We should never seek acclaim in the sight of men as it means nothing in terms of the Kingdom of God unless the acclaim first comes from our Father in Heaven! It is His glory that we seek and His alone, as any earthly glory is merely a distraction and source of temptation. Let us not be afraid to humble ourselves before God and one another as it is in humility that we will find protection from the sin of pride. It is also here that we will better be able to hear God’s word clearly directing us according to His will.

20 The mother of the sons of Zebedee approached him with her sons and did him homage, wishing to ask him for something. 21 He said to her, “What do you wish?” She answered him, “Command that these two sons of mine sit, one at your right and the other at your left, in your kingdom.” 22 Jesus said in reply, “You do not know what you are asking. Can you drink the cup that I am going to drink?” They said to him, “We can.” 23 He replied, “My cup you will indeed drink, but to sit at my right and at my left, [this] is not mine to give but is for those for whom it has been prepared by my Father.” 24 When the ten heard this, they became indignant at the two brothers. 25 But Jesus summoned them and said, “You know that the rulers of the Gentiles lord it over them, and the great ones make their authority over them felt. 26 But it shall not be so among you. Rather, whoever wishes to be great among you shall be your servant; 27 whoever wishes to be first among you shall be your slave. 28 Just so, the Son of Man did not come to be served but to serve and to give his life as a ransom for many.”

my reflections

think: We should never seek acclaim in the sight of men as it means nothing in terms of the Kingdom of God.



God’s special verse/thought for me today________________



Thank You Lord for: ____________________________________






Today’s saint, St. James (sometimes referred to as St. James the Great, to distinguish him from his namesake and fellow apostle), is certainly one saint worth looking into. We praise and thank God for him, honoring and venerating him at the same time.

We all know him, of course, as one of the Twelve Apostles, and also one of the three “best friends” of Jesus — that is, His inner circle of apostles (together with Peter and John), who were often taken as privileged witnesses in special moments of Jesus’ life. St. James was also the first to die among the Twelve, martyred as he was by Herod in the year 43/44 (see Acts 12:2). He is especially honored since the ninth century at Compostella in Spain. In the meantime, the special Gospel passage for this feast is particularly  interesting, for it gives an important insight to the character of James and his brother John. Jesus’ remark in answer to the request of James and John’s mother, short and direct as it is, nevertheless is very striking: “You do not know what you are asking.”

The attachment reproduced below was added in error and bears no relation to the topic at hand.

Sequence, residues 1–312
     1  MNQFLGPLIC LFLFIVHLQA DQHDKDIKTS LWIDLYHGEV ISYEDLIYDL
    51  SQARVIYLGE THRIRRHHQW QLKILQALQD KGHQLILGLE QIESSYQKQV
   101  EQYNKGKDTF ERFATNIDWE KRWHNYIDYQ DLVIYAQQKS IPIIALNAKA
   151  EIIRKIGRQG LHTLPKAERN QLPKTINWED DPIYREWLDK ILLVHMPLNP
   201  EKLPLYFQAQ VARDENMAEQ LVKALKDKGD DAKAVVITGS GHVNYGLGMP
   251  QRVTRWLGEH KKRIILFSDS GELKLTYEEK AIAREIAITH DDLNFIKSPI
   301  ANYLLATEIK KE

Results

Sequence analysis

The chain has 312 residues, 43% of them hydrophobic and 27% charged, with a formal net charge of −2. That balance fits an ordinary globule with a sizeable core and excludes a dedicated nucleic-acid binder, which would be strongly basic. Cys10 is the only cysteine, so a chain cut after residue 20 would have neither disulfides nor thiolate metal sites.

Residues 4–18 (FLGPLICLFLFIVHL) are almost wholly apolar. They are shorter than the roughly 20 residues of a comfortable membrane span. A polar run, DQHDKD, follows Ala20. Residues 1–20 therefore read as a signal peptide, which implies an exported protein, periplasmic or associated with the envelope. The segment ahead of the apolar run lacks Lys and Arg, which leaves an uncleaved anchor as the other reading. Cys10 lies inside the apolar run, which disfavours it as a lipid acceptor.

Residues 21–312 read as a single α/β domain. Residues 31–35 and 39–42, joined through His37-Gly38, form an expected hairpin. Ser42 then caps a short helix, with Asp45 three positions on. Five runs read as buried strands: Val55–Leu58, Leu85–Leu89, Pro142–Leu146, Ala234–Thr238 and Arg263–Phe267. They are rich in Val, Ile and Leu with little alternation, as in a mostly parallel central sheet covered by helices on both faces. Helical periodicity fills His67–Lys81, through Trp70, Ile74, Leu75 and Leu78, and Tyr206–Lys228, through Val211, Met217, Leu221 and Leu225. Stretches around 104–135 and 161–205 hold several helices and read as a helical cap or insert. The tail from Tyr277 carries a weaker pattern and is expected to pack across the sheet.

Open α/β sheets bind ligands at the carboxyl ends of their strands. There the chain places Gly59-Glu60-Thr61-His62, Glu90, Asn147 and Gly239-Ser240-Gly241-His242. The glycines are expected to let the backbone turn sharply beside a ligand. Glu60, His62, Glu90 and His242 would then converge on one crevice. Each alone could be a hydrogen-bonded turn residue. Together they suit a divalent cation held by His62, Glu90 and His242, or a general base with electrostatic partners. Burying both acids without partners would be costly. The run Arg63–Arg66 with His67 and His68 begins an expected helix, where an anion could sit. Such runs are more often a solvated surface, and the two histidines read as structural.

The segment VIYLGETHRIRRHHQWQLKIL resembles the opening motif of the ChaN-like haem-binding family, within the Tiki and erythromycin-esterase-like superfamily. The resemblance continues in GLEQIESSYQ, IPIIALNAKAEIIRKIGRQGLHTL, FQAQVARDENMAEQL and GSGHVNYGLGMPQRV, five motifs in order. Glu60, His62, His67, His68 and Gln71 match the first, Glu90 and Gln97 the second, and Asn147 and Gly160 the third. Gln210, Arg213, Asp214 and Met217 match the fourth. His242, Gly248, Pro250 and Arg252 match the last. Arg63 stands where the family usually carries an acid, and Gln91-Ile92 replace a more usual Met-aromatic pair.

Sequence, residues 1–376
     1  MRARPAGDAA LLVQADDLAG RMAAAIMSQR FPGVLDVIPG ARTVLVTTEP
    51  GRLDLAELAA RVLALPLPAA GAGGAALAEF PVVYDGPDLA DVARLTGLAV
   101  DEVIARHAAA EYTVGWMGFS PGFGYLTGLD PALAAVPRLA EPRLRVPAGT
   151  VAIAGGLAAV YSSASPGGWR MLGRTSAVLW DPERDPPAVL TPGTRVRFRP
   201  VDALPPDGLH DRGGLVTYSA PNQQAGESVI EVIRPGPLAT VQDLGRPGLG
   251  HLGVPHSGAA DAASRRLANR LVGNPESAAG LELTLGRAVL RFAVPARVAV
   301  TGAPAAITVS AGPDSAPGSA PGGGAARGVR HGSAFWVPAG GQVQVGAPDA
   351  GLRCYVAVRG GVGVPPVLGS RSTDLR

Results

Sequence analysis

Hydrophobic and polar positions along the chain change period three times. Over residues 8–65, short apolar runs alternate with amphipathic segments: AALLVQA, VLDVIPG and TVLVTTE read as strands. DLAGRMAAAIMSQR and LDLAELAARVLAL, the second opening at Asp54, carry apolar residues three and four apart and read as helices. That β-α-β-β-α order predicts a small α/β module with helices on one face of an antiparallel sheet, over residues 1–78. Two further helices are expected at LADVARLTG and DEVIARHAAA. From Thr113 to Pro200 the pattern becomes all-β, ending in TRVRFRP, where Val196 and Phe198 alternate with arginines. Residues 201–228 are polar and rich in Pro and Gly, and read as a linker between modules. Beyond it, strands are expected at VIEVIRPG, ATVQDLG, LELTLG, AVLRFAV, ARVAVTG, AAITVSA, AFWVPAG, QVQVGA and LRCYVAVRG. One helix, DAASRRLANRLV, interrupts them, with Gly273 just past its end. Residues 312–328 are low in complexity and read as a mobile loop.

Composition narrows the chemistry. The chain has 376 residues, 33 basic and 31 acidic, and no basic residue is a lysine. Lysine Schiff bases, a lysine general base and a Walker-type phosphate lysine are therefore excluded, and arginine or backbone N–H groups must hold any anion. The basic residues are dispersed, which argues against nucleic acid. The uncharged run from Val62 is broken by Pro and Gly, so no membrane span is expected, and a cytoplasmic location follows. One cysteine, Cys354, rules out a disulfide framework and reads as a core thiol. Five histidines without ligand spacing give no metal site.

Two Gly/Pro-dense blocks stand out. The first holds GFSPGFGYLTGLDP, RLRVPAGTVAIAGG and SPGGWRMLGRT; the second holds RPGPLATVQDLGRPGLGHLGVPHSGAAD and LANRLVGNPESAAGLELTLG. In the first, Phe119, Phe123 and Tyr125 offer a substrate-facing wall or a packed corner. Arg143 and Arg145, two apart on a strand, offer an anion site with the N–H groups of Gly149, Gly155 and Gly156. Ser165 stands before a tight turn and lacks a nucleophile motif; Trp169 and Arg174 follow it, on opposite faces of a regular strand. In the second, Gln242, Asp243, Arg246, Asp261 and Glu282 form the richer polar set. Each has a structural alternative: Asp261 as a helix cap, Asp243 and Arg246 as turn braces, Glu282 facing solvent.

Certainly it was by no means a rejection by Jesus of their request. After all, elsewhere in the Gospels, Jesus promised that they will sit on thrones to judge the twelve tribes of Israel (see Luke 22:30 and Matthew 19:28). So in other words, it wasn’t so much the ambition of James and John which Jesus had in mind when he accused them of their lack of understanding, but rather their oversight (a case of “maling akala”). They overlooked the fact that the way to glory (at least according to Jesus’ teaching) is through the way of suffering. There are no shortcuts, in other words, to the glory of Easter Sunday.

We have a Tagalog popular saying: “Maraming namamatay sa maling akala” (Wrong notions can cost you your life). St. James died, certainly not for or because of his “maling akala” (he and his brother surely must have learned their lesson from the incident with Jesus). No, he died for his faith in God, boldly and bravely offering his life as a martyr, after the example of Jesus. Fr. Martin M.

REFLECTION QUESTION: Do you know what it is you are asking?

When I seek to follow You, let it be in full knowledge of the cost.

St. Valentina & Thea, virgin martyrs, pray for us.